Ciscoe Morris, Seattle Times garden writer, suggests planting a new Japanese Maple Acer palmatum 'Bihou' to add color to your garden; cutting the flowers from rhubarb before they weaken the plant and go to seed and heading out to some of the areas big spring plant sales.

Available in local nurseries, Acer palmatum ‘Bihou’ is a thrilling new Japanese maple that is taking the gardening world by storm. The spring leaves emerge chartreuse, edged in red, turn green in summer, then burst into magnificent shades of yellow-tinged orange in fall. The best feature of all, however, is saved for winter. In cold weather, the bark glows orangish-yellow. Add red buds that contrast beautifully with the golden bark and you’ve got an unsurpassable winter display.

Even the name of this tree is irresistible. In Japanese, ‘Bihou’ means “beautiful mountain range.” This small, vase-shaped tree is fast growing when young, but is expected to only reach about 15 feet tall and 10 feet wide. It’s a sun lover; so plant it in an open location where its glowing bark will light up the winter garden.

Cut the flowers off edible rhubarb

If you see a strange-looking growth appear on your rhubarb plant, cut it off. It’s a flower stalk and will weaken the plant if you allow it to remain and go to seed. That’s because it will expend more energy producing offspring than thick, juicy stalks.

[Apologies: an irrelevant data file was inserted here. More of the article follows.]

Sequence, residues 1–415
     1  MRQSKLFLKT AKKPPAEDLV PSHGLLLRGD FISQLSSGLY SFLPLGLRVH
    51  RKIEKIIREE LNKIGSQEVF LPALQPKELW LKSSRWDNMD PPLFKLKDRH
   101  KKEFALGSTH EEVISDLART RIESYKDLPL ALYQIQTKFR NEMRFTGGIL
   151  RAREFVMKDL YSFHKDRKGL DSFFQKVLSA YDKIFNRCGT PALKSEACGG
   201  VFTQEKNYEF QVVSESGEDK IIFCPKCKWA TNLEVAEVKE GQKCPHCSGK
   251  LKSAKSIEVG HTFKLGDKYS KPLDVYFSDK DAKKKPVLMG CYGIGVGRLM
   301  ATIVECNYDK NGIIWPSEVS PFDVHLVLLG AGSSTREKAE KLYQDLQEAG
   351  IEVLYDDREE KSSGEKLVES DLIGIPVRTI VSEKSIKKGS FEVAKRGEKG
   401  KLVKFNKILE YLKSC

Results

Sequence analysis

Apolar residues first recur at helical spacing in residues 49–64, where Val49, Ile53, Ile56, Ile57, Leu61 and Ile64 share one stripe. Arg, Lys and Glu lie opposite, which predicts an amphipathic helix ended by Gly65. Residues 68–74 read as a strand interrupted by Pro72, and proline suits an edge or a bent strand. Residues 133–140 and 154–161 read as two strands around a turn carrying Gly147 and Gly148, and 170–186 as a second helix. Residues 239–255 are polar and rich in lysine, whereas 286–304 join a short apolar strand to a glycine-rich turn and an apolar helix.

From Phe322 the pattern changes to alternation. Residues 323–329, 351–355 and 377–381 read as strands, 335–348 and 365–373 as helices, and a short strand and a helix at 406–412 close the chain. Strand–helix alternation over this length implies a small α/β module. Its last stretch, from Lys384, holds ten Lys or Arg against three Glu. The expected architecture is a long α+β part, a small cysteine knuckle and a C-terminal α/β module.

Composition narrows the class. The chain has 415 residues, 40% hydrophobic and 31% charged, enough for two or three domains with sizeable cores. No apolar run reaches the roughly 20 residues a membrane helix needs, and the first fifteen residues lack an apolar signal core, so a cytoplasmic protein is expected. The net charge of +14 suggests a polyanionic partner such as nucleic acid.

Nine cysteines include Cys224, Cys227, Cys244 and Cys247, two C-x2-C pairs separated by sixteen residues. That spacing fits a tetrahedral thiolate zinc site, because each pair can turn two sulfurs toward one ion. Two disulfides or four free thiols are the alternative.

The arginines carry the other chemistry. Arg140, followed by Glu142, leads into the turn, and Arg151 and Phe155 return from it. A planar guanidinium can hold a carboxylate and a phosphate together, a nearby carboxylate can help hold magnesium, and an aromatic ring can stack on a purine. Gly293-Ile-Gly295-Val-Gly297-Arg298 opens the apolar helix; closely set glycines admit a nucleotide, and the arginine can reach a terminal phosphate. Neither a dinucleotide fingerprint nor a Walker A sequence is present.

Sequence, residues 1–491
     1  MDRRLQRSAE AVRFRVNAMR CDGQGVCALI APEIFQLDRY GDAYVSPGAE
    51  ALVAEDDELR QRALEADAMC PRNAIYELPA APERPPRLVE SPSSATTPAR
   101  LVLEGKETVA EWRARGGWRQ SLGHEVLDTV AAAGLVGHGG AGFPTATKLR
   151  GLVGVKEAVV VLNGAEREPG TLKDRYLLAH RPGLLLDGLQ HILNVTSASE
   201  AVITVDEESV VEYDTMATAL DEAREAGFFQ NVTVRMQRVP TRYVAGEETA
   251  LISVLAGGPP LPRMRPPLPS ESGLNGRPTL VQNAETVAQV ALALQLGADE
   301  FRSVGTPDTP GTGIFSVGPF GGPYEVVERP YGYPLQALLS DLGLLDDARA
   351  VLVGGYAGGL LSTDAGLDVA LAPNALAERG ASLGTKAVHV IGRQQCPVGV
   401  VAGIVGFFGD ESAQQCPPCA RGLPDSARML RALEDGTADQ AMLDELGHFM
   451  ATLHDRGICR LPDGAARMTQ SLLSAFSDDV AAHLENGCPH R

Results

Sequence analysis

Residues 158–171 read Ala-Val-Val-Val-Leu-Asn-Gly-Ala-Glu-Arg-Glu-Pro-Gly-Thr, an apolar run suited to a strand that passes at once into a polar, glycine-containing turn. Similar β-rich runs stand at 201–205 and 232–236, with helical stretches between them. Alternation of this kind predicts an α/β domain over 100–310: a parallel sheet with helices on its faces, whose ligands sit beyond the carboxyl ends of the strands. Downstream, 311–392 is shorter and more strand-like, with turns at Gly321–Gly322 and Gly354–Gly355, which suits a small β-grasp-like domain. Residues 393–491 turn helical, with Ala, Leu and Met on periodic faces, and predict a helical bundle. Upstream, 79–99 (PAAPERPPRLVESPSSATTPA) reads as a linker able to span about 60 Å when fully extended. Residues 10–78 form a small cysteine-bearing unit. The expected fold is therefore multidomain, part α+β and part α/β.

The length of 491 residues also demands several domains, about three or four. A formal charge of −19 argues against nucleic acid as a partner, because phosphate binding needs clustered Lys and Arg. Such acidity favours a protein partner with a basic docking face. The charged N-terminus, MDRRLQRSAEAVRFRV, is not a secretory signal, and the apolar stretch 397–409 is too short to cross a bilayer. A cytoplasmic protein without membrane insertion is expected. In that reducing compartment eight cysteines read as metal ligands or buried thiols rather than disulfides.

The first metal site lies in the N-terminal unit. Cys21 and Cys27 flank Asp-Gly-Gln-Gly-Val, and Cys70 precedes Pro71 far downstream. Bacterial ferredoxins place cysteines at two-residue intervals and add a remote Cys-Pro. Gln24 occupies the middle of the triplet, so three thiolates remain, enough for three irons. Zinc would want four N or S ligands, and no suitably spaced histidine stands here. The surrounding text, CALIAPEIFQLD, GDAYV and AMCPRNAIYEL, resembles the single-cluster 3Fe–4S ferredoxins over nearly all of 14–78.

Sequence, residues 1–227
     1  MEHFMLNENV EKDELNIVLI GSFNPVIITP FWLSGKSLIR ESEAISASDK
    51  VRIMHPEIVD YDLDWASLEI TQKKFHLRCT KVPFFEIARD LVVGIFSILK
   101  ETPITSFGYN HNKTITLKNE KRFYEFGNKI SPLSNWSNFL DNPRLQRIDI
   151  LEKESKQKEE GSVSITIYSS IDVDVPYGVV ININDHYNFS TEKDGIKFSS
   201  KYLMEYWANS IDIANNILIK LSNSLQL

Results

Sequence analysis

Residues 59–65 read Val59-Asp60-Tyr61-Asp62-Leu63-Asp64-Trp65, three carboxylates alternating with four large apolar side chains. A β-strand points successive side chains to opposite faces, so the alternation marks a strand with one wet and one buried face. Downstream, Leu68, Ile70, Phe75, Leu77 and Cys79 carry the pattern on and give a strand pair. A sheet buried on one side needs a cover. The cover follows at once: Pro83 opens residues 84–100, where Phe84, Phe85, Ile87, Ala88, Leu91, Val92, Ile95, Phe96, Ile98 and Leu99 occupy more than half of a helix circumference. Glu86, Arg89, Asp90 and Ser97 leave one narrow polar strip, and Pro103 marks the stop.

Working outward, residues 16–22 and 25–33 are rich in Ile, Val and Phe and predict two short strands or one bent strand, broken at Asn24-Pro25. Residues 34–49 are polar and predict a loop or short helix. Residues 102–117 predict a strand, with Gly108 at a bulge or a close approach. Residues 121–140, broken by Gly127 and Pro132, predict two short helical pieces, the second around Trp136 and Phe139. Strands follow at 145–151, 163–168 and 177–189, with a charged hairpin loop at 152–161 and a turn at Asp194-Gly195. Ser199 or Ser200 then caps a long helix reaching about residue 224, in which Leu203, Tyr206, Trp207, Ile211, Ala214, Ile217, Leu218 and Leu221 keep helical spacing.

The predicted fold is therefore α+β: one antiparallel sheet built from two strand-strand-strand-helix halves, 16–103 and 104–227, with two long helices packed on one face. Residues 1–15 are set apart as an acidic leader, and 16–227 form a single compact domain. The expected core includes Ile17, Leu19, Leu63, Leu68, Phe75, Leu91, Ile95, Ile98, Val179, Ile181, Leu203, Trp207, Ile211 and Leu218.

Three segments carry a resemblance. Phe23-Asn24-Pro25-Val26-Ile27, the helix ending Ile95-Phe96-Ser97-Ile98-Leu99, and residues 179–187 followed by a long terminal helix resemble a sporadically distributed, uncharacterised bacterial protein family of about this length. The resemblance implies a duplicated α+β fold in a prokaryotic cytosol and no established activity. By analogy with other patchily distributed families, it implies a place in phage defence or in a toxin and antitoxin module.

There are a number of reasons why rhubarb tends to flower heavily. Some of the older varieties are highly prone to flowering. Too little or the wrong fertilizer can also promote flowering. To discourage flowering and enhance stalk growth, apply organic lawn food in spring.

Finally, if your rhubarb plant is flowering heavily and you haven’t divided it in the last 8 to 10 years, it’s telling you its roots are overcrowded. Wait to divide the rootmass until it goes dormant next winter, then cut out and toss away the middle section and replant the ends.

Work in plenty of compost before replanting, and make sure the growing points are located right at the soil surface. Then make friends with a generous person with a big rhubarb patch. You can’t harvest any stalks the first season after you divide it, and you don’t want to suffer a whole year without rhubarb pie a la mode!

Feel good as you spend

Shopping at plant sales allows you to buy great plants without guilt because your purchase supports important causes and organizations. This weekend, three of my favorites are going on (see listings for details).

The 88th Annual Children’s Hospital Garden Sale will offer plants propagated by the staff from the famous hospital gardens. The Rhododendron Species Botanical Garden Spring Plant Sale offers plants from more than 25 specialty nurseries, and a purchase gains you free admission to their great garden. The Northwest Perennial Alliance Plant Sale includes plants from specialty nurseries. In addition, they are selling selections from their famous NPA border at the Bellevue Botanical Garden.

Watch for the following sales coming soon: The Arboretum Foundation FlorAbundance Spring Plant Sale (April 28 and 29) remains the big daddy of them all, offering a wide variety of plants from a dazzling collection of specialty nurseries. Note their sale will be at the arboretum this year.

The Kubota Garden Spring Plant Sale will be May 5 at 9817 55th Ave. S., Seattle. The King County Master Gardener Foundation Plant Sale will be May 5 and 6 at the Center for Urban Horticulture, 3501 N.E. 41st. St., Seattle.

The Seattle Tilth May Edible Plant Sale will be May 5 and 6 at 4649 Sunnyside Ave. N., Seattle.

Ciscoe Morris: ciscoe@ciscoe.com; “Gardening with Ciscoe” airs at 10 a.m. Saturdays on KING5.